Google Returns Literary Blog Data to Dennis Cooper
  Resource:Artforum   2016-08-29 09:42:41  

Nearly two months ago Google disabled writer Dennis Cooper’s literary blog—a fourteen-year-long project hosted by Blogger—and his Gmail account without warning. On Friday, Cooper announced that following negotiations between the media company and his lawyers, the content of his blog will be returned to him.

DC’s, the beloved literary platform where Cooper posted writings, research, images, as well as his GIF novels, will be relaunched in a new location on Monday, August 29. Cooper will not be able to upload all of the data from his former blog at once, since he will have to repost each item by hand, but he will gradually work on the project until the blog is completely restored.

Allegedly, Google deactivated the account on June 27 in response to an almost ten-year-old post, titled “Self-Portrait Day,” for which Cooper invited readers to send him content such as writings, images, videos, or sound files related to a specific theme. He would then curate the submissions and post an entry.

In 2006, the writer had asked people to send him things that they considered sexy. “I had forgotten all about that post until the other day,” Cooper said, “and I don't remember what was in it. I do remember that, upon assembling the post, I realized there was some rather pornographic things therein that could potentially get my blog in trouble. So I set up that ‘Self-Portrait Day’ on a separate page off the blog that could only be accessed on the blog through a link with an adult content warning.” He added, “According to Google, around the time my account was disabled, some unknown person came across this ten-year-old page, thought one of the images on it constituted child pornography, and reported it to Google who immediately disabled my account. Now let me just say that I know there are people who don’t know me or my work well and think I’m some kind of ultra-transgressive shock-creating monster, but I completely assure you that if someone had sent me an image that I thought was child pornography, I would never have uploaded it, period.”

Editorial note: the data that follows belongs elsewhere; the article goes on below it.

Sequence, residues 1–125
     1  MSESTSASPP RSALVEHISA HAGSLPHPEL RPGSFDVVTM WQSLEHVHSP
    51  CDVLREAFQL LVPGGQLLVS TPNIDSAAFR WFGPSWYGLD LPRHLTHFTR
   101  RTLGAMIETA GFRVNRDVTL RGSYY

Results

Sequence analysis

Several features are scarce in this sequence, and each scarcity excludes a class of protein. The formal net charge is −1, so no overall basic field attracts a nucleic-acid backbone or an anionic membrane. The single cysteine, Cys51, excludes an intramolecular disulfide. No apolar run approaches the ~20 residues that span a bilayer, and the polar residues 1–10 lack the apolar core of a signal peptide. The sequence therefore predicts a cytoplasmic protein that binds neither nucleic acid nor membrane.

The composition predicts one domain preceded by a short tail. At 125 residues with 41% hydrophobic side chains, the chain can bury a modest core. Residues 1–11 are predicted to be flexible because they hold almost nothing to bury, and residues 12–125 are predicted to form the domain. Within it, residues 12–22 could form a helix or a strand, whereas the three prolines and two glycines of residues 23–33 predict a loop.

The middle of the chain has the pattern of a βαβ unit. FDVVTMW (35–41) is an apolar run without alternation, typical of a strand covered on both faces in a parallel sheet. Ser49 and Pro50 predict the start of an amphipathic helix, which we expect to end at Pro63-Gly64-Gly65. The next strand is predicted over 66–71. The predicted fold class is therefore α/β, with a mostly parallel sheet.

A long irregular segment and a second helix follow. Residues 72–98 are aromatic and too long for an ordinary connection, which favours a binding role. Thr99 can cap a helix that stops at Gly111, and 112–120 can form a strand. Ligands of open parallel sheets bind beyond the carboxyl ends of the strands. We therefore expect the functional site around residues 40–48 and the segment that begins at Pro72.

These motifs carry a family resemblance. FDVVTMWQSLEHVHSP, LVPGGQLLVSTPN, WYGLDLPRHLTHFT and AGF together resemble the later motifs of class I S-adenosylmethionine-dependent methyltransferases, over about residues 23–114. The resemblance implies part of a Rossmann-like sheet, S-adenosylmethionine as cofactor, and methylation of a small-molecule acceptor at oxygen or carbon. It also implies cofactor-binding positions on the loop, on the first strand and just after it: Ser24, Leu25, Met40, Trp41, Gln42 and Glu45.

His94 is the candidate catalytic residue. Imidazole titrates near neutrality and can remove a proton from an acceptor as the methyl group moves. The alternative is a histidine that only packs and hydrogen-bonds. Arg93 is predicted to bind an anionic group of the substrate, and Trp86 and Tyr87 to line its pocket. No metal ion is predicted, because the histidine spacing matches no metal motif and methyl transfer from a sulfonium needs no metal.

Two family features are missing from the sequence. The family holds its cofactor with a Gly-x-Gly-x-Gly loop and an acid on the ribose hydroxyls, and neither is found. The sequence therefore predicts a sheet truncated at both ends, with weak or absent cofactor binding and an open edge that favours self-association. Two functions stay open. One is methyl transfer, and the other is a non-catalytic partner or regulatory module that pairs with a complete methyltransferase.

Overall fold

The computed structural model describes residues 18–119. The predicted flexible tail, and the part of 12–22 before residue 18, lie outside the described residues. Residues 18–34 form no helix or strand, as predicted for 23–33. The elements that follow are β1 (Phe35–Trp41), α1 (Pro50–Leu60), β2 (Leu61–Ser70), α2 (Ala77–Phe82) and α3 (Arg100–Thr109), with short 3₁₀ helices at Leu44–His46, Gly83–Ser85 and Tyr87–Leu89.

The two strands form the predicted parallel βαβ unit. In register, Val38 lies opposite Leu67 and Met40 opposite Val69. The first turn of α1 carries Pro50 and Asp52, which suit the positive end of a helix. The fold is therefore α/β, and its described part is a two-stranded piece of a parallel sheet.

Cooper, who has a reputation as a bold and sometimes controversial author, is best known for his queer, male protagonists and writings about sex and death. He earned international recognition from his George Miles Cycle, a series of five novels that he began writing in 1984 and which culminated in Period in 2000.

Cooper cited his complaints to the tech giant, the international press, and a petition, which was signed by over 4,500 supporters, as factors that helped facilitate a resolution. Google finally broke its silence on July 15, and Cooper’s lawyers began discussions with the company. At first Google refused to show Cooper the offending image, privately restore his blog, or reestablish his email account. Three weeks later, Cooper said, “Google suddenly announced that they were going to send me the data for DC’s blog and my email account. They did, and that’s how and when the stand-off ended.”

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